Butternut squash, oat and ginger cake bites

by sophie on November 11, 2007 · 16 comments

Post image for Butternut squash, oat and ginger cake bites

There’s one question that I need to get out of the way quickly before my lovely husband gets any ideas. Yes, these little cakes do have vegetable in them, but no, they don’t count as a portion of veg. I hope I haven’t upset anyone else with that revelation? A portion of veggies you see needs to be at least within shouting distance of 80g, and a slice of carrot cake or any of its culinary siblings come in nowhere near that, not even nutritionist Kathryn’s Chocolate and Beetroot cake or Heidi’s Special Zucchini Bread. These little squash bites are in the same boat – a meagre 12.5g of squash per cake. But don’t worry, it is not so much what you are putting in that is important here, it is what the squash lets you leave out. Here’s the low down on why these are worth firing up the oven:

  • Crystallised ginger and butternut squash are the perfect autumn flavour combo
  • Roasted butternut squash provides plenty of moisture leaving the recipe to be naturally low fat
  • Flour is OK (unless you have coeliac disease), especially wholemeal, but just doesn’t do as much good stuff for you as oats. This recipe is loosely based on the kind of proportions you would use to make muffins but skips half of the flour in favour of low GI, cholesterol busting oats.
  • There’s no butter or marg in here, just two tablespoons of rapeseed oil to make twenty cakes. Rapeseed oil is the one also known as vegetable oil or canola and is predominantly monounsaturated like olive oil (indeed you could use a mild olive oil instead if you prefer).
  • You won’t miss the butter, I promise, because there are also a handful of buttery macadamia nuts in there.

autumn leaves
These are an every day sorta cake. They aren’t particularly pretty or delicate (meaning that you can dunk them in your tea), but they are as nutritionally well balanced as you can expect a cake to be. Like most low fat cakes they don’t keep for too long but this works in their favour – I keep a batch in the freezer and when I fancy something sweet with my tea I take one of these out at breakfast and it is ready to eat by coffee break.
This is an entirely self-invented recipe and I’m not a baking expert by any means; feel free to tweak the recipe and report back on any improvements you come up with! I’m sure you can think of plenty of things to do with the rest of the butternut squash but if not pop it into the freezer for now (I have an easy savoury recipe to use the rest on its way).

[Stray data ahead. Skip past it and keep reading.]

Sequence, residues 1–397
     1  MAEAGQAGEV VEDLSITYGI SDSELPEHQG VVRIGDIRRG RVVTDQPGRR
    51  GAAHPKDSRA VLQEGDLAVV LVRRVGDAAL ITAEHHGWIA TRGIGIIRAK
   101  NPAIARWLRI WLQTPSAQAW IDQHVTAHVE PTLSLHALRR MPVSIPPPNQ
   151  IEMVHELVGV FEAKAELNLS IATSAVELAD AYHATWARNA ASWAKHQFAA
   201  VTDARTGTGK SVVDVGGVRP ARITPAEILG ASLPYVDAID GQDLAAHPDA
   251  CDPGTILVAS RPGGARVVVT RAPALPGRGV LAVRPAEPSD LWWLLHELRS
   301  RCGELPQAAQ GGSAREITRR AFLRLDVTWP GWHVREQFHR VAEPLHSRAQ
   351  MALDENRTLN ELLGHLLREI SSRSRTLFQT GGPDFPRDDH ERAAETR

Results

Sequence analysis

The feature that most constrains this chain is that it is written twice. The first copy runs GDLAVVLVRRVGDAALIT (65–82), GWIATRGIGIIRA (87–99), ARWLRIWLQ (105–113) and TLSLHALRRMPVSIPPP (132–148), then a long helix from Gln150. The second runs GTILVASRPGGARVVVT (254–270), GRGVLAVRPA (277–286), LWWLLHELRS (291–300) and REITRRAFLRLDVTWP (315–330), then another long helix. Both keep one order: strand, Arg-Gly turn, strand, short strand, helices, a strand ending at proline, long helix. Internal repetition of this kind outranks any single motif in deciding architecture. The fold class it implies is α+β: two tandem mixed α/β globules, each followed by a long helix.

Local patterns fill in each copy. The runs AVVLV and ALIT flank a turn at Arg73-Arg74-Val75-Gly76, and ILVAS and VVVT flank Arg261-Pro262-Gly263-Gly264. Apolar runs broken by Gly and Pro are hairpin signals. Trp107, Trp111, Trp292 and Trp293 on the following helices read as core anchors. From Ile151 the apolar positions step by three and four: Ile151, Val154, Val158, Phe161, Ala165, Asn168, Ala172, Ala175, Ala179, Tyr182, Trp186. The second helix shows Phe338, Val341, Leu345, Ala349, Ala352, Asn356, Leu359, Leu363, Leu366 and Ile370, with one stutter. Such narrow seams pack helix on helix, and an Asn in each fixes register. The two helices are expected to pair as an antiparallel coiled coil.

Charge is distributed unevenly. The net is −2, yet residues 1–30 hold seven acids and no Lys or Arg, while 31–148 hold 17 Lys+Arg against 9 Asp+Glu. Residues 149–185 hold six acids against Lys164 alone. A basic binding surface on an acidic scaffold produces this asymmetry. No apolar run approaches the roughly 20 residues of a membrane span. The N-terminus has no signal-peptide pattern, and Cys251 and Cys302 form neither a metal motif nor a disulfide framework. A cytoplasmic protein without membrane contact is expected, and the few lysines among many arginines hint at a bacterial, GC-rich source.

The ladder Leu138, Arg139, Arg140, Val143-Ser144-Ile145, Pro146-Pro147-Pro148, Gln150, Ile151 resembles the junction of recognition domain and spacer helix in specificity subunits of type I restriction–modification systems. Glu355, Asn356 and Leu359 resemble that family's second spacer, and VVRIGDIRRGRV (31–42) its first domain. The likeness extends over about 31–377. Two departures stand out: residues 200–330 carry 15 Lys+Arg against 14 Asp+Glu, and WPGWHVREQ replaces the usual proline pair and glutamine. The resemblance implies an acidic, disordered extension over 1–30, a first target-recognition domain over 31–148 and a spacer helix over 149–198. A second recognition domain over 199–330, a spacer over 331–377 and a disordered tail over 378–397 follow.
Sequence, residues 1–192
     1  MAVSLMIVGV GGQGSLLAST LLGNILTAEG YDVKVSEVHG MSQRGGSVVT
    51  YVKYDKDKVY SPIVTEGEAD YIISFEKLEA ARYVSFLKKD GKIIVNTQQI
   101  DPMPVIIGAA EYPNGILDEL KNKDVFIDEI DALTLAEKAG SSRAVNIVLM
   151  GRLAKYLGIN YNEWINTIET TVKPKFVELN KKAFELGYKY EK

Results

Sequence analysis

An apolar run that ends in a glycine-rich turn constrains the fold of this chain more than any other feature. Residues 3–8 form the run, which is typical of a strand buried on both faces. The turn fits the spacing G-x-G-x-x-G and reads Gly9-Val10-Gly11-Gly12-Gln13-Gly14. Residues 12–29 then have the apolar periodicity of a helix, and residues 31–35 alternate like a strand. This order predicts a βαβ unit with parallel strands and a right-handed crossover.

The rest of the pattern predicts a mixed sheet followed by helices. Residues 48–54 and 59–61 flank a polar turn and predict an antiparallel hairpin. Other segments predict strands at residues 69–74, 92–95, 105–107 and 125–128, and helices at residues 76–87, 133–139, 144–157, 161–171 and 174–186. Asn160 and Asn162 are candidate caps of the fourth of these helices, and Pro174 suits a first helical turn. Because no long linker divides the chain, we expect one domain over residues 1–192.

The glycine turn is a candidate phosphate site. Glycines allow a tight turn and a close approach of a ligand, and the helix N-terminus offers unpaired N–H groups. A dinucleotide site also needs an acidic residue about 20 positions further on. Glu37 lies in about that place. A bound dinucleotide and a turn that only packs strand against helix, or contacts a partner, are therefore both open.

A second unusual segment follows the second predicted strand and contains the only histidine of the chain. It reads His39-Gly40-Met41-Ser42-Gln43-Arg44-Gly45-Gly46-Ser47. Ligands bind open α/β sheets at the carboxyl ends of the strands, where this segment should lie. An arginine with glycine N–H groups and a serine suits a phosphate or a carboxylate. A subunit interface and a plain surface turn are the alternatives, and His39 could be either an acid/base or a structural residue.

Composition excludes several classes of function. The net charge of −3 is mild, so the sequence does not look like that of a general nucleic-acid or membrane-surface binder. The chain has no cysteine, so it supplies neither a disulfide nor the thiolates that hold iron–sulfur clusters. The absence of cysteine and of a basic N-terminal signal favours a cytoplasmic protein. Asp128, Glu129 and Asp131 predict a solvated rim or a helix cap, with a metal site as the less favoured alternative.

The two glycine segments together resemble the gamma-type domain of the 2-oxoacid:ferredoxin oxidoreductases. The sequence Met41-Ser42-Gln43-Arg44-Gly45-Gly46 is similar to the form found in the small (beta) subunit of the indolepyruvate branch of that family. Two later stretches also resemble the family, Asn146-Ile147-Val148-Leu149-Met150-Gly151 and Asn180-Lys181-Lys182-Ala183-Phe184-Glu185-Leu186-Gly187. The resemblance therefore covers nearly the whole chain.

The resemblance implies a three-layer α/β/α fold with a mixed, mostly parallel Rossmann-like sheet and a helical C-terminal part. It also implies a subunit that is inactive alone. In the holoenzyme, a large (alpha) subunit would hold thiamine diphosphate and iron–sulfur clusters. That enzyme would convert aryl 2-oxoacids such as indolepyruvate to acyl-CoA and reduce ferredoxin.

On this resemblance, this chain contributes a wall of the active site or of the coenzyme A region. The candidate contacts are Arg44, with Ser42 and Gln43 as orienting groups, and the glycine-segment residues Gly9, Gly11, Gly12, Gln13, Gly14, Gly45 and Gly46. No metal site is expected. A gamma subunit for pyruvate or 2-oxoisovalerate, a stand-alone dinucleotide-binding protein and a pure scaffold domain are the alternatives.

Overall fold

My foray into vegetable-based baking coincides with a beta carotene theme for regular blogging event Sugar High Friday so I thought I would take the opportunity to join those guys for a change (the event is hosted this time around by Leslie at Definitely Not Martha). It sounds good so I will put a link to the round-up here when it appears.

Butternut squash, oat and ginger cake mix

Recipe for Butternut squash, oat and ginger cake bites

Makes about 20 small cakes
Note: if you don’t have any leftover butternut squash available, a medium squash cut in half takes about 35 minutes in a medium oven. Allow to cool slightly then scoop out the flesh.

250g roasted butternut squash flesh (flesh only, skin and seeds removed)
2 Tbsp rapeseed oil (aka vegetable oil, canola)
1 medium egg
1 tsp vanilla extract
150g golden caster sugar
30g macadamia nuts, coarsely chopped
1 tsp baking soda
250g wholemeal flour
0.5 tsp salt
150g oats
1 tsp cinnamon
0.5 tsp allspice
4 balls crystallised stem ginger, chopped

Preheat your oven to 180 C, 350 F, Gas mark 4 (I have a super-enthusiastic fan oven so used 160 C).

Give the squash a good stir to make sure that there are no big lumps in it (you can use a food processor if you want but I like to save on the washing up – a good beating with a wooden spoon should do it). Remove any fibrous/burnt/unpleasant bits.

Add the oil, egg, vanilla extract, sugar and ginger to the squash and mix well.

Combine the remaining (dry) ingredients together in a large mixing bowl and stir to distribute the ingredients evenly.

Add the wet ingredients to the dry ingredients and mix gently until thoroughly combined.

Line a baking sheet with baking parchment. Dollop out the cake mixture into small mounds (about a heaped tablespoon), leaving a little bit of space between each one. You might need to baking sheets.

Cook for 15 minutes, or until golden brown and cooked through.

These store in an air tight container for a few days (you can also freeze them and defrost just a few as needed).

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